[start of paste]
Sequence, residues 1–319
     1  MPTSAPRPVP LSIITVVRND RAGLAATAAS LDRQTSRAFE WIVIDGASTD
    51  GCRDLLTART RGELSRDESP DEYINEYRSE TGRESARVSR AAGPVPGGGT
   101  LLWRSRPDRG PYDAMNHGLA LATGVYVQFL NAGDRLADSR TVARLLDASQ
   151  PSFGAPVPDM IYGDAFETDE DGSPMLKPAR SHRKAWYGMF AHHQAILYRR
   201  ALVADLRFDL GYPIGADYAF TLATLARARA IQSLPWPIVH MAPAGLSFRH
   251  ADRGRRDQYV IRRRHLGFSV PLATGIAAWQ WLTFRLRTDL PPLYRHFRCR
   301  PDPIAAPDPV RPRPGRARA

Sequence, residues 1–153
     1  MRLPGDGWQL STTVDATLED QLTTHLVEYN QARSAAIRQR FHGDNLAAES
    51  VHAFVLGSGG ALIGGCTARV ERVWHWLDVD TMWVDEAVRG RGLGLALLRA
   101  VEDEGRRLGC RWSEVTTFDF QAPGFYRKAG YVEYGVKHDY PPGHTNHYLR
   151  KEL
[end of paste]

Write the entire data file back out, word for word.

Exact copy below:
Sequence, residues 1–319
     1  MPTSAPRPVP LSIITVVRND RAGLAATAAS LDRQTSRAFE WIVIDGASTD
    51  GCRDLLTART RGELSRDESP DEYINEYRSE TGRESARVSR AAGPVPGGGT
   101  LLWRSRPDRG PYDAMNHGLA LATGVYVQFL NAGDRLADSR TVARLLDASQ
   151  PSFGAPVPDM IYGDAFETDE DGSPMLKPAR SHRKAWYGMF AHHQAILYRR
   201  ALVADLRFDL GYPIGADYAF TLATLARARA IQSLPWPIVH MAPAGLSFRH
   251  ADRGRRDQYV IRRRHLGFSV PLATGIAAWQ WLTFRLRTDL PPLYRHFRCR
   301  PDPIAAPDPV RPRPGRARA

Sequence, residues 1–153
     1  MRLPGDGWQL STTVDATLED QLTTHLVEYN QARSAAIRQR FHGDNLAAES
    51  VHAFVLGSGG ALIGGCTARV ERVWHWLDVD TMWVDEAVRG RGLGLALLRA
   101  VEDEGRRLGC RWSEVTTFDF QAPGFYRKAG YVEYGVKHDY PPGHTNHYLR
   151  KEL